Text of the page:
Cryptogenic Stroke (CS) comprises 15-40% of all ischemic strokes, and PFO occurs in 40-56% in patients <55 years old with CS or transient ischemic attack (TIA) [9,19,20]. One has to distinguish between PFO being a direct cause of stroke and PFO being a risk factor for stroke. Depending on the criteria used for diagnosis and the technologyused in cardiac assessment, the prevalence of PFO inthe healthy population is approximately 20- 25% [5,21,22,23,24]. Thus, detection of a PFO during evaluation of a patient with a stroke is not surprising, and thefrequency of PFO detection in these patients can be ashighas40-45% [25]. This frequency of detection is especially high among people without any other obvious explanation for the stroke. Over all, et al. [26] concluded from a meta-analysis of several studies that the relative risk of stroke compared to non-stroke controls increased by a factor of 1.83 if a PFO was present.

The probability that stroke is attributable to PFO is higher in younger than in older patients [27], in the absence of clinical risk factors for stroke than in the presence of such risk factors [28], and in caseof a cortical infarct (suggesting an embolic mechanism) [29]. Notwithstanding, the association between PFO and stroke risk has been documented albeit less strongly in Nolder patients and in patients with classical stroke risk factors, as well as in non-cortical brain infarcts [30,31,32]. The presence of atrial septal aneurysm (ASA) seen in approximately 30% of PFO cases33 also increases the likelihood that PFO is implicated in stroke [27]as well as the risk of recurrent stroke [34].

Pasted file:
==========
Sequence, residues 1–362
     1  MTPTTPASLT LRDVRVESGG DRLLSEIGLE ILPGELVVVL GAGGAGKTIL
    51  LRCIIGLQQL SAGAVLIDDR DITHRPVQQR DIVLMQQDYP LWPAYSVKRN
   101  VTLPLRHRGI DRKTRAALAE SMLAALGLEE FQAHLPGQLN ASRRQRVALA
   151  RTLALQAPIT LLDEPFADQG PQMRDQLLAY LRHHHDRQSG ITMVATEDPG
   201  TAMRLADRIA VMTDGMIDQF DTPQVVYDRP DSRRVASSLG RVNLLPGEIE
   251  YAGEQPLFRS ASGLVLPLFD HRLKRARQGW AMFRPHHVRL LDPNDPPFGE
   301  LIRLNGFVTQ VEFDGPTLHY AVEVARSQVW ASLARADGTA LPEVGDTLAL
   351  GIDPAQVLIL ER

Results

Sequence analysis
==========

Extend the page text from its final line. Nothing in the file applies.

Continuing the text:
Additionally, a causal relationship between PFO and stroke is more likely in the presence of larger PFOs (defined as the maximum separation of the septum primum and septum secundum ≥2 mm), longer tunnel length (defined as a maximum overlap of the septum primum and septum secundum ≥8 mm), and/or severe shunting (defined as >30 microbubbles on contrast echocardiography) [35,36]. Another clinical clue suggesting paradoxical embolism in the presence of PFO is concomitant venous thromboembolism (VTE) [37]. Other less-well established factors predisposing to paradoxical embolismin the setting of PFO include straining prestroke, waking up with a TIA or stroke, and obstructive sleep apnea [38]. Accordingly, the risk criteria for stroke in patients with aPFO can be broadly categorized into clinical criteria (at the patient level), PFO anatomical/functional criteria, cerebral imaging criteria, and circumstantial criteria (e.g., concomitant VTE or straining prestroke).